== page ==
Governor Cooper orders all North Carolinians to stay home until April 29

Raleigh, NC – Governor Roy Cooper issued a statewide Stay at Home Executive Order at a Friday afternoon briefing from the state’s Coronavirus Task Force.

North Carolina governor Roy Cooper.

The Stay at Home Order is effective at 5 p.m. on Monday and will last for at least 30 days, but N.C. residents are advised to take extreme precautions immediately. The order is in effect until April 29 (although it can be terminated early, or extended).

The Stay at Home order mandates that all N.C. residents should stay at home except to conduct essential errands, such as picking up groceries or prescriptions, going to medical appointments that cannot be conducted online, picking up to-go food from restaurants, and exercising only at a safe distance of six feet or more from others.

The order also bans gathering of more than 10 people, and directs everyone to stay at least six feet away from each other.

Eight counties have already passed stay-at-home orders, including Durham, Orange, Wake, Forsyth, Guilford, and Mecklenburg.

While Cooper’s order applies statewide, if there are stricter guidelines imposed by a county or municipality, those supersede state guidelines.

Executive Order outlines permitted activities for North Carolina residents:

Section 1. Stay at Home 

  1. Stay at home or place of residence. All individuals currently in the State of North Carolina are ordered to stay at home, their place of residence, or current place of abode, (hereinafter “residence’) except as allowed in this Executive Order. To the extent individuals are using shared or outdoor spaces when outside their residence, they must at all times and as much as reasonably possible, maintain social distancing of at least six (6) feet from any other person, with the exception of family or household members, consistent with the Social Distancing Requirements set forth in this Executive Order. All persons may leave their homes or place of residence only for Essential Activities, Essential Governmental Operations, or to participate in or access COVID-19 Essential Businesses and Operations, all as defined below.
    Individuals experiencing homelessness are exempt from this Executive Order, but are strongly urged to obtain shelter that meets Social Distancing Requirements. Individuals whose residences are unsafe or become unsafe, such as victims of domestic violence, are permitted and urged to leave their home and stay at a safe alternative location.
  2. Prohibited and permitted travel. Only travel for Essential Activities as defined herein is permitted. People riding on public transit must comply with Social Distancing Requirements to the greatest extent feasible. This Executive Order allows travel into, within, or out of the State to maintain COVID-19 Essential Businesses and Operations and Minimum Basic Operations.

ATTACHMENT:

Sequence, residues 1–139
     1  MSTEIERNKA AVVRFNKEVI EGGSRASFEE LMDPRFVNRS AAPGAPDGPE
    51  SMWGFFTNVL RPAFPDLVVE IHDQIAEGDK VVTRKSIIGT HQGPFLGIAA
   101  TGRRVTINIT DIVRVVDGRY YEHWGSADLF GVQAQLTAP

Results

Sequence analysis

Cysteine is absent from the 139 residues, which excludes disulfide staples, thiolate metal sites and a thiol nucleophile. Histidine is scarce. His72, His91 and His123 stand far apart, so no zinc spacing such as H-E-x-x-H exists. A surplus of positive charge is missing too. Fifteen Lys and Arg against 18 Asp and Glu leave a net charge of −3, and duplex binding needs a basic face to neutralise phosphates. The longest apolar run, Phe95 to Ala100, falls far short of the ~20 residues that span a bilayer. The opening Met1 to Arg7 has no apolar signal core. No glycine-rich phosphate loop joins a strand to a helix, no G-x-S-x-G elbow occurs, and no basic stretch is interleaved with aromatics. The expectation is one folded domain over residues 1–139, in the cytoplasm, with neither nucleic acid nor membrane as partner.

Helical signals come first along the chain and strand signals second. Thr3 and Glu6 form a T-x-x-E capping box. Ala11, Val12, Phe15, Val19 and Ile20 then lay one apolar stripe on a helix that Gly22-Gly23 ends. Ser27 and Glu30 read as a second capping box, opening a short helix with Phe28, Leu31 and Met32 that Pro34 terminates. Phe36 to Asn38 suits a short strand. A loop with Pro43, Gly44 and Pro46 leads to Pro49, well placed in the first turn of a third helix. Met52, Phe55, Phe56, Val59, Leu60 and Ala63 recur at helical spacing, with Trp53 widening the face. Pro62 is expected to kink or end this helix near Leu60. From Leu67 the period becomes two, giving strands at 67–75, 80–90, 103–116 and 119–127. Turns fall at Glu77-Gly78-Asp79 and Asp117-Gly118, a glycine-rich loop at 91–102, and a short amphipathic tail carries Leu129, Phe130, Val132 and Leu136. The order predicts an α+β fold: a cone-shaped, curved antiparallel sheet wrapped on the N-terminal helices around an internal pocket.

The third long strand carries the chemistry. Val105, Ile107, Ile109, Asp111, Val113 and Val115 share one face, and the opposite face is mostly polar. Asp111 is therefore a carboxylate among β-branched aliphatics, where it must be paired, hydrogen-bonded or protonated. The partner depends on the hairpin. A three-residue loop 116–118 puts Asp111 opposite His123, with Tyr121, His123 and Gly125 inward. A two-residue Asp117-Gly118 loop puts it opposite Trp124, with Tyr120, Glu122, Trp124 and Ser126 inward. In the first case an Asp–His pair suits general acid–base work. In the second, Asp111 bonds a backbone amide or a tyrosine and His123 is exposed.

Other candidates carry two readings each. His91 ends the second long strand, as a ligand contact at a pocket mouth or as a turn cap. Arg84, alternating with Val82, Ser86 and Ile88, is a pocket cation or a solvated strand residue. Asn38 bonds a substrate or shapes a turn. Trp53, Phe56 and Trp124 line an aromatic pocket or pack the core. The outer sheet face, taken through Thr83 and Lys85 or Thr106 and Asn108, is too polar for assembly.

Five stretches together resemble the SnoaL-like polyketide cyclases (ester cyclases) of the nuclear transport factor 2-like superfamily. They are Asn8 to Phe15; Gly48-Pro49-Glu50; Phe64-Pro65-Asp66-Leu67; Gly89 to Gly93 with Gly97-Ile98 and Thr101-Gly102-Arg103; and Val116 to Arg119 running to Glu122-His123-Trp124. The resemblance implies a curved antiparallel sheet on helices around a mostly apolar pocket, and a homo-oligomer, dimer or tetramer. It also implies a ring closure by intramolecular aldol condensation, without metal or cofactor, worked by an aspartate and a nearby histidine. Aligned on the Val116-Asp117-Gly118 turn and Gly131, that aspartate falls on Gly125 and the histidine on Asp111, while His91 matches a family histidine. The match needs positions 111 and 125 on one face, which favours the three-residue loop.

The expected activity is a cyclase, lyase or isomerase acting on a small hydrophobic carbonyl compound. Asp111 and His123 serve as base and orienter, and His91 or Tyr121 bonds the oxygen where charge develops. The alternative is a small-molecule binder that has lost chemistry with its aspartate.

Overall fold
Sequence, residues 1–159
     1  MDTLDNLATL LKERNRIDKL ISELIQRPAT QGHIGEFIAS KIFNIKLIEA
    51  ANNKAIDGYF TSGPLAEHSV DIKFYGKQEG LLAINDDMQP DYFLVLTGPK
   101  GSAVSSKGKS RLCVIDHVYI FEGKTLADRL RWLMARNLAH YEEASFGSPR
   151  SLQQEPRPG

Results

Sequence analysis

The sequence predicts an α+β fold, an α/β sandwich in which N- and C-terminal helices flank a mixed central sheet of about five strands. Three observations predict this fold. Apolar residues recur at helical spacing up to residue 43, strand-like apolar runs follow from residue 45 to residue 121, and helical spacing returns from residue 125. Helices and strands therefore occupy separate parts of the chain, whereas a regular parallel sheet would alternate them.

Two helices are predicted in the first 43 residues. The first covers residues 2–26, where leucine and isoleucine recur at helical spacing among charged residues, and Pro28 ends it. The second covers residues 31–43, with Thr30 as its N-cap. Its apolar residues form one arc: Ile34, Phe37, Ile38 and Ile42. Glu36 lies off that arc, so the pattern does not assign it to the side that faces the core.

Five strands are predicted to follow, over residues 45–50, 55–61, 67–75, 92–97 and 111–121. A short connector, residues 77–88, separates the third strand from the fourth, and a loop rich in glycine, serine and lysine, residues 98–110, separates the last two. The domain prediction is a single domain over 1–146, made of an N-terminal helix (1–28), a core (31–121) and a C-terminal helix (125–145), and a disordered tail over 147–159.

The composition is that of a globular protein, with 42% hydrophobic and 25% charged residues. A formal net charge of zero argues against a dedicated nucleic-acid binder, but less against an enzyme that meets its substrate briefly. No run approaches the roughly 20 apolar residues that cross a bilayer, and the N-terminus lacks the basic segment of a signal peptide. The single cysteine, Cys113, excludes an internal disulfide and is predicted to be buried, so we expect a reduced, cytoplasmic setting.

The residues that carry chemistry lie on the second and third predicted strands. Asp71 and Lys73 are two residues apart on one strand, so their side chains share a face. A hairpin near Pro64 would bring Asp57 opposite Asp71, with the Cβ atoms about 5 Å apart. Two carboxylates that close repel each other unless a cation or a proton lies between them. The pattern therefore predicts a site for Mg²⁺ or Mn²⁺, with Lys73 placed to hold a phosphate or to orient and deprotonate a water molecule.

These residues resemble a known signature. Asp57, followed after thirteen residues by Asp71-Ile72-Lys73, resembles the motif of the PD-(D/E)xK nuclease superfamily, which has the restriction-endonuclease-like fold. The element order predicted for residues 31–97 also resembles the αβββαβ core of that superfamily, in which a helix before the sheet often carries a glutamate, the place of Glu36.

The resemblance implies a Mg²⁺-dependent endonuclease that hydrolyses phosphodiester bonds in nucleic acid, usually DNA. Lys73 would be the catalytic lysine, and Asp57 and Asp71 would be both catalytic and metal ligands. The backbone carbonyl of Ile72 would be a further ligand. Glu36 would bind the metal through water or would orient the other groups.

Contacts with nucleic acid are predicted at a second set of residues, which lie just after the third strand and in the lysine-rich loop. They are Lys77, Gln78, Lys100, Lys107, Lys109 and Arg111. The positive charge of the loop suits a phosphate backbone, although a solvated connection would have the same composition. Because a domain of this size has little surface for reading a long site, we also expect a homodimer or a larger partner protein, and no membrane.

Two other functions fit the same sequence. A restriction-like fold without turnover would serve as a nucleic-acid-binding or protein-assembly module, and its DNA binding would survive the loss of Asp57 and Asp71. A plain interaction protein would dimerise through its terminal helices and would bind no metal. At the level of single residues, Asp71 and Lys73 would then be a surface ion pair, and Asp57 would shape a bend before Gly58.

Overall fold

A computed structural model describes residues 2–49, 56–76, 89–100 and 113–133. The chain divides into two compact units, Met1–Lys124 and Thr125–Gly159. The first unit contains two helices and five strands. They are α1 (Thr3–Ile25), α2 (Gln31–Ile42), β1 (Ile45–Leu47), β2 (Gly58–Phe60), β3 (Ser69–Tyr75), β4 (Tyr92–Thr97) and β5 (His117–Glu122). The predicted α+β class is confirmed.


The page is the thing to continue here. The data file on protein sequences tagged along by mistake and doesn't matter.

3. Leaving the home and travel for Essential Activities is permitted. For purposes of this Executive Order, individuals may leave their residence only to perform any of the following Essential Activities:
    • For health and safety. To engage in activities or perform tasks essential to their health and safety, or to the health and safety of their family or household members or persons who are unable to or should not leave their home (including, but not limited to, pets), such as, by way of example only and without limitation, seeking emergency services, obtaining medical supplies or medication, or visiting a health care professional or veteranarian.
    • For necessary supplies and services. To obtain necessary services or supplies for themselves and their family or household members or persons who are unable or should not leave their home, or to deliver those services or supplies to others, such as, by way of example only and without limitation, groceries and food, household consumer products, supplies they need to work from home, automobile supplies (including sales, parts, supplies, repair and maintenance), and products necessary to maintain the safety, sanitation, and essential operation of residences or places of employment.
    • For outdoor activity. To engage in outdoor activity, provided individuals comply with Social Distancing Requirements and Mass Gatherings, as defined below, such as, by way of example and without limitation, walking, hiking, running, golfing, or biking. Individuals may go to public parks and open outdoor recreation areas. However, public playground equipment may increase spread of COVID-19, and therefore shall be closed. These activities are subject to the limitations on events or convenings in Section 3 of this Executive Order.